SPAN Magazine – Art as Ambassador – Five decades strong, the Art in Embassies program builds bridges within communities around the world.
For Virginia Shore, international diplomacy is about more than treaties and trade agreements, speeches and summits. Rather, when it comes to building bridges between nations, paintings, drawings and sculptures are her tools of choice.
Shore serves as the chief curator for Art in Embassies, an expansive program that places a diverse array of visual artworks in American diplomatic buildings. In fact, she and her team oversee the installation of artworks in U.S. embassies,
consulates and ambassador’s residences around the world, curating meticulously-planned exhibitions—both temporary and permanent—with each space and host country in mind.
To create its exhibits, Art in Embassies commissions and chooses works from both American artists and those who call a host country home. The result? Eye-catching collections for sure—but, more importantly, ones that, in Shore’s words, provide international audiences with a sense of the quality, scope and diversity of both countries’ art and culture.
Take, for example, a wall sculpture created by Sanford Biggers at the American Embassy in Madagascar. Hewn from metal and shaped in the form of a lotus, the sculpture reveals a deeper meaning upon closer examination. “The petals of the flower are laser cutout rows of figures resembling paper dolls and based on diagrams of the hull of a ship,” says Shore.
Similarly, works installed in buildings within India carry their own deeper meanings. “For the consulate in Mumbai, we worked with Indian-born artist, Subhankar Banerjee, who calls himself an eco-critical photographer, artist, educator and activist,” says Shore. “His images of the Arctic National Wildlife Refuge and other Alaska wild lands have received attention globally. His landscapes document the changes in the migratory patterns of the animals as a result of climate change and oil drilling in the Refuge.”
“These are examples of the ways the art can inspire conversation about issues and concerns in our country and the host country,” Shore adds.
Often, Art in Embassies provides opportunities for cultural exchanges that go deeper than the artwork itself. During a trip to Swaziland, American artist Mari Gardner worked with local residents from the AIDS Support Center to record their stories and capture photographic self-portraits. The audio recordings were then played back as the portraits were projected as part of an installation at the U.S. Embassy in Mbabane.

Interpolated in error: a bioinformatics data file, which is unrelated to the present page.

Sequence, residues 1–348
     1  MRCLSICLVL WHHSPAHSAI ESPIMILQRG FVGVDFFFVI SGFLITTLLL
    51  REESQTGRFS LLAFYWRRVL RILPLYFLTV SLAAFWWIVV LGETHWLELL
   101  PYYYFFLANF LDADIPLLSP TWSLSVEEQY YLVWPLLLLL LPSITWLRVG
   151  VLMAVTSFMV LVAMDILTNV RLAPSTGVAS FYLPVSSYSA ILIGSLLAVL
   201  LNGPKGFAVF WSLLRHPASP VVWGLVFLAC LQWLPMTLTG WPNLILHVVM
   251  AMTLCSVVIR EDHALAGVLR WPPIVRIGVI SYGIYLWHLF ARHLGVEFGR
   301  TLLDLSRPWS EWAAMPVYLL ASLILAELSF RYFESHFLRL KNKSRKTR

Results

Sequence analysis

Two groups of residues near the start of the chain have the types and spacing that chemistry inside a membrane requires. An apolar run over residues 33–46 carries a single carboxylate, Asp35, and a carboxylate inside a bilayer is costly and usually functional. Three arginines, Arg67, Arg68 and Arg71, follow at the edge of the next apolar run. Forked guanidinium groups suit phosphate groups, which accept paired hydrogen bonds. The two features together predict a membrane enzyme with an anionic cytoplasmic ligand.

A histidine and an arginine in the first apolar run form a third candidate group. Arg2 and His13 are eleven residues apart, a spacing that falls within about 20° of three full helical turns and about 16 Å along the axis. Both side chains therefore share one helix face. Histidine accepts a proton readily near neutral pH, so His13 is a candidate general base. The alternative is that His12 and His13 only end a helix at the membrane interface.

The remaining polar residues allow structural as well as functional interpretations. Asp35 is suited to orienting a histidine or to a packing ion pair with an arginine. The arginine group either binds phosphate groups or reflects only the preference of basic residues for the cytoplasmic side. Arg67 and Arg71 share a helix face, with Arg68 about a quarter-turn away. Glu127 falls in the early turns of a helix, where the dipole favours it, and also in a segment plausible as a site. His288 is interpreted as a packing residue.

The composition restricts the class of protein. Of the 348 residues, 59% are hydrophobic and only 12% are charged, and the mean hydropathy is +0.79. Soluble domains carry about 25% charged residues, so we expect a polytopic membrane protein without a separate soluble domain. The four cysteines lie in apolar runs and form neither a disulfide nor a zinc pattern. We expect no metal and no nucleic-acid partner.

“This screening allowed for an immediate impact as well as an unusual opportunity for Swazi artists to interact with rural women,” said Gardner. “The advancement of democracy and human rights in Swaziland is a key priority. Gender-based violence continues to erode this tiny country.”
Constance Parker, wife of the American ambassador to Swaziland at the time, further described the impact of the exhibition on the Swazi citizens who participated: “It changed them and their perceptions of their place on this earth forever,” she said. “They left the Embassy with their heads just a little higher.”
Art in Embassies traces its roots to 1953 in New York City, when the Museum of Modern Art began efforts to display American art around the world. A private program at the time, the endeavor attracted the support of philanthropists and diplomats, and a public-private partnership with the U.S. Department of State soon followed. In 1963, President John F. Kennedy declared Art in Embassies an office of the State Department, launching the program into the orbit it continues to follow today.
Circa 2015, Art in Embassies continues to soar, with exhibitions in 189 countries and counting. The last decade alone has also seen over 100 artists following in Gardner’s footsteps, traveling to countries around the world to work with local artists on pieces that are then exhibited in embassies, consulates and beyond.
For the full SPAN article by Michael Gallant see: http://span.state.gov/entertainment/art-in-embassies/20150103